YOU ARE HERE: LAT HomeCollections

Just Like People, Condors Flock to the Grand Canyon

The growing population of the endangered species socializes at the South Rim. Included are those that have been born in the wild.

July 31, 2005|Michelle Roberts | Associated Press Writer

GRAND CANYON NATIONAL PARK, Ariz. — The South Rim of the Grand Canyon has long been a favorite of human visitors gawking at the stunning views and taking advantage of the man-made services.

As it turns out, the South Rim also is a favorite of endangered California condors -- for many of the same reasons.

The large birds often gather there to watch people, socialize with one another and drink from a leaky water pipe.

On some days, as many as 25 to 30 condors soar over the canyon area -- more birds than were in existence a generation ago when officials decided to capture and breed them.

The birds, which have dull orange featherless heads with a stubby beak and dark body feathers, were reintroduced in the wild in Arizona in 1996. What began with the release of six birds 50 miles north of here has led to a flock of 53, including some of the first wild-born condors since the early 1980s.

Two of the three fledglings hatched in Arizona have survived, and three other condor pairs are nesting this year, said Chris Parish, the Peregrine Fund's condor director in Arizona. The nonprofit fund runs a breeding facility in Boise, Idaho, where the birds are hatched and prepared for release, and has overseen Arizona's condor program.

He and others say it's too early to call the reintroduction a success because the population isn't self-sustaining yet.

"But we finally have a foothold," he said. "I, for one, have confidence ... we're well on our way."

California condors are among the largest birds native to North America and have no natural predators. With a wingspan of up to 9 1/2 feet, they have a reach 2 feet wider than NBA giant Yao Ming.

The condors, which may live up to 60 years, were driven to near extinction by the early 1980s. Shootings, poisonings and collisions with power lines, combined with their naturally low reproductive rate, shriveled the birds' population.

To keep them from disappearing, federal officials and nonprofit groups worked to capture the birds and breed them with hopes that they could be released into the wild again.

Releases began in 1992 in California. Today, there are about 118 birds in the wild in Arizona, central and Southern California, and coastal Mexico.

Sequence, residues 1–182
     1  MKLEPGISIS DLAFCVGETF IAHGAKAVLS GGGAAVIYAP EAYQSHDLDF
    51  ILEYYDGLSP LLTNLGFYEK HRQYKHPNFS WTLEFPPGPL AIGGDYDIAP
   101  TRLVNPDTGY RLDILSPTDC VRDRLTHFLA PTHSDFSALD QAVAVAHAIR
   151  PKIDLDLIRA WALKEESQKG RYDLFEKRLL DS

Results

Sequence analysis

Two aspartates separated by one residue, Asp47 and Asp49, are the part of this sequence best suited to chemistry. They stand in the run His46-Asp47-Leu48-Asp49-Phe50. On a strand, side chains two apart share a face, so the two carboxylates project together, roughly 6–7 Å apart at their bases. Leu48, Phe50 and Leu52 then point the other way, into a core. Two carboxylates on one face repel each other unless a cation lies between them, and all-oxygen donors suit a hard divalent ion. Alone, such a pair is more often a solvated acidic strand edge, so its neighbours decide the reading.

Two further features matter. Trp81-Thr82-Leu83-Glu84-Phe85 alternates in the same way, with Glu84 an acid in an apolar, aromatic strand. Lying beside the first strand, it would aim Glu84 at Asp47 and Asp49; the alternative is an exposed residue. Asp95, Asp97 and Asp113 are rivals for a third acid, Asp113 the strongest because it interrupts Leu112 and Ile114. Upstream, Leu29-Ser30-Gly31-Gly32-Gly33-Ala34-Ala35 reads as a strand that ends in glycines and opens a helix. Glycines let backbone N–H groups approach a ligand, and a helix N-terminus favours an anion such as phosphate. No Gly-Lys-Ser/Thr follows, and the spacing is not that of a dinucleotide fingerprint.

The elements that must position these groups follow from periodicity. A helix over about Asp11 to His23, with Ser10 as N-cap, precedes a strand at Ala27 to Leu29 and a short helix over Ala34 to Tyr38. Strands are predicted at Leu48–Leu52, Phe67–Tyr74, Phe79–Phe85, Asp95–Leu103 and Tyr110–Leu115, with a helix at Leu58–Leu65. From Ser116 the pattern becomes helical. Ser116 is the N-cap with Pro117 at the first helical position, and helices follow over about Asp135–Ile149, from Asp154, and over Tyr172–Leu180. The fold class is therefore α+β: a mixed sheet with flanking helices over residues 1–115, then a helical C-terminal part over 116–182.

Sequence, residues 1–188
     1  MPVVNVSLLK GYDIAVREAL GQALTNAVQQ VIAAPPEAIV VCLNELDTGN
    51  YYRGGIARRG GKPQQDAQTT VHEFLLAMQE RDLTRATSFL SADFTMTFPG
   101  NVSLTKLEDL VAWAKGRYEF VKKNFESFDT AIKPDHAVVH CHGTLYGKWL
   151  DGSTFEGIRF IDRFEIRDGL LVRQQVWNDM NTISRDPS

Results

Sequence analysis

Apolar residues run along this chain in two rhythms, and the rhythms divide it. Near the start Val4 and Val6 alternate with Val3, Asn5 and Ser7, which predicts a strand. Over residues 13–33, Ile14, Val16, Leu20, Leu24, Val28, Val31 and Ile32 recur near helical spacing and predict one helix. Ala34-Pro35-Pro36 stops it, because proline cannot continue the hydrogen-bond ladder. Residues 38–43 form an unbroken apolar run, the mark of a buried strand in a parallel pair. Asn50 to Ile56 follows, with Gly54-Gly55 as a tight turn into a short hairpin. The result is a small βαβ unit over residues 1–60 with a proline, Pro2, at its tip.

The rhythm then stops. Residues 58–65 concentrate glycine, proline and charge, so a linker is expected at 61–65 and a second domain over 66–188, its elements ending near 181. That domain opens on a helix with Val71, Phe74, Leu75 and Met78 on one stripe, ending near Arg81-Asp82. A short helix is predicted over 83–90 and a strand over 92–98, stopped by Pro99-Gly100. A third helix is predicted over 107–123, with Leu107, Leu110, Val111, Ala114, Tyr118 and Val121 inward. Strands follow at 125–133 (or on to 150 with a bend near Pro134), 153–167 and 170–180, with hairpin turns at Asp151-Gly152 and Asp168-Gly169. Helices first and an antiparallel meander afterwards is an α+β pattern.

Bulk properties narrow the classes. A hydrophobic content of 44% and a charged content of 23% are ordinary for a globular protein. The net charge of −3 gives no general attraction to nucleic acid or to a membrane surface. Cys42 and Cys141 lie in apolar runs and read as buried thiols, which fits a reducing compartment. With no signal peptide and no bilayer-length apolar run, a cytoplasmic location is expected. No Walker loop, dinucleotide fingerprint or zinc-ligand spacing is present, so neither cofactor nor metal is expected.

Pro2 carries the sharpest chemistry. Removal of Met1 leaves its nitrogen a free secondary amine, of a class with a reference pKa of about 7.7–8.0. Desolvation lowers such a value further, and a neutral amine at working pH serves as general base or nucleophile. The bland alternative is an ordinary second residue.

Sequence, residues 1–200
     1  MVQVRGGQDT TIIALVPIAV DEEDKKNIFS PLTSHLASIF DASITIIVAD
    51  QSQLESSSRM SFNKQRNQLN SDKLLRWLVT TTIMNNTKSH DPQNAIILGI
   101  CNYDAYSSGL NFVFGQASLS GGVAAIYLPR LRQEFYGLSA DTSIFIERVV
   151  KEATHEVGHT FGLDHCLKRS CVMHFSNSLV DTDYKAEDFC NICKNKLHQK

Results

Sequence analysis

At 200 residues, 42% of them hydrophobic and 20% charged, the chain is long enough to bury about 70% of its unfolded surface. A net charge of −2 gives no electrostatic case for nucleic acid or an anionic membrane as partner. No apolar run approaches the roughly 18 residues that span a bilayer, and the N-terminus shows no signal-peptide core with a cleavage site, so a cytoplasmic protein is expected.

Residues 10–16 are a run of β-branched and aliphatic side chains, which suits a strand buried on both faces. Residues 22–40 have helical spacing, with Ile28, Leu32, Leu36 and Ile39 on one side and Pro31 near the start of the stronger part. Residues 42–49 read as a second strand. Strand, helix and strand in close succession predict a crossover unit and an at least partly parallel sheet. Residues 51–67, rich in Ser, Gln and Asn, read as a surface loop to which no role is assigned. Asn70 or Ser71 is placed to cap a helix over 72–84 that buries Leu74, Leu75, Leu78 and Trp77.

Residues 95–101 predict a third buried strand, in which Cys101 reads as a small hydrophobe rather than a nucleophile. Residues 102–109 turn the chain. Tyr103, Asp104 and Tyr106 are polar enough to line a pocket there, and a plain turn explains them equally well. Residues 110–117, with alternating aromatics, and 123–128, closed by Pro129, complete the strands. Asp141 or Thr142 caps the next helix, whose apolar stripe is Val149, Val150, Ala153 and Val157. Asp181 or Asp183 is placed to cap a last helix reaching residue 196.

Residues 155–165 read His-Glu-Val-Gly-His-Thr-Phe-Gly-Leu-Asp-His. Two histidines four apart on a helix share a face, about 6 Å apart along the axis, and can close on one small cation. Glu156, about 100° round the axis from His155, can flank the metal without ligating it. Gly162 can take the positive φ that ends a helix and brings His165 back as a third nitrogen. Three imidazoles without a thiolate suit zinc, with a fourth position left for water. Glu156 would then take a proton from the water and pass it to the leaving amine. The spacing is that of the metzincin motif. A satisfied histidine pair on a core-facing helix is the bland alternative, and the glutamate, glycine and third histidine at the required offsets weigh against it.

Jesse Grantham, condor recovery program coordinator for the U.S. Fish and Wildlife Service, said the 25-year project to save the condors has taught biologists along the way.

The early years of reintroduction were difficult because the young birds didn't have older birds to follow in the wild. Biologists didn't anticipate that the young condors would need mentors, but it makes sense in hindsight, he said.

Now that older birds have established patterns in the wild, it has become safer for younger birds to follow.

People in the region have also adapted to the return of the wild birds.

Some residents of northern Arizona and southern Utah were concerned when the reintroduction began. They feared that the endangered birds would bring federal intrusion and restrictions, Parish said.

But now, the locals are accustomed to the birds. And canyon visitors, who hardly noticed the condors at first, love them.

At least one South Rim gift shop sells condor plush toys and T-shirts bearing the condor image. Park officials hold daily, sometimes twice daily, interpretive programs for visitors about the condors right over the South Rim location that the birds use as their social hub, said Chad Olson, the canyon's raptor biologist.

"It's such a unique situation where you can show people one of the most endangered species in the world," he said.

The park is a blessing and curse for the condors, he said. It's protected and has millions of acres of habitat for the birds, which have a home-range radius of 50 to 70 miles.

But there are a lot of people here, and biologists fear that the condors will come to think that people are safe.

"There are some challenges we deal with, primarily people management more than bird management," said Olson, who sometimes waves his arms to scare the birds if they come too close to the crowds gathered on the rim.

But the canyon's rim is attractive to the birds, in part because there is so much activity and because they are so curious, he said.

"It's such a crazy unnatural situation where you have this insane amount of activity," Olson said. "They innately know the places to find food is where there's activity."

The condors, although raised in captivity by people using bird-shaped puppets to feed them, are also perhaps drawn to the Grand Canyon by instinct.

Olson rappelled to a nesting cave that a pair of condors tried unsuccessfully to use to mate in 2002 and 2003. The biologists couldn't figure out why the birds failed, but they did find bones in the cave.

It turned out that the bones were those of condors and condor prey some 10,000 to 15,000 years old.

The recent successful breedings prove that the species has a future despite its near disappearance, Olson and Parish said.

"They're certainly not a relic species," Olson said. "They declined because of us."

Still, officials expect to be managing the birds for a long time -- if not indefinitely.

It would take three flocks of about 150 birds each and 15 breeding pairs before the birds could be considered for downgrading on the endangered species list, Olson said.

"We still have a ways to go," he said.

Los Angeles Times Articles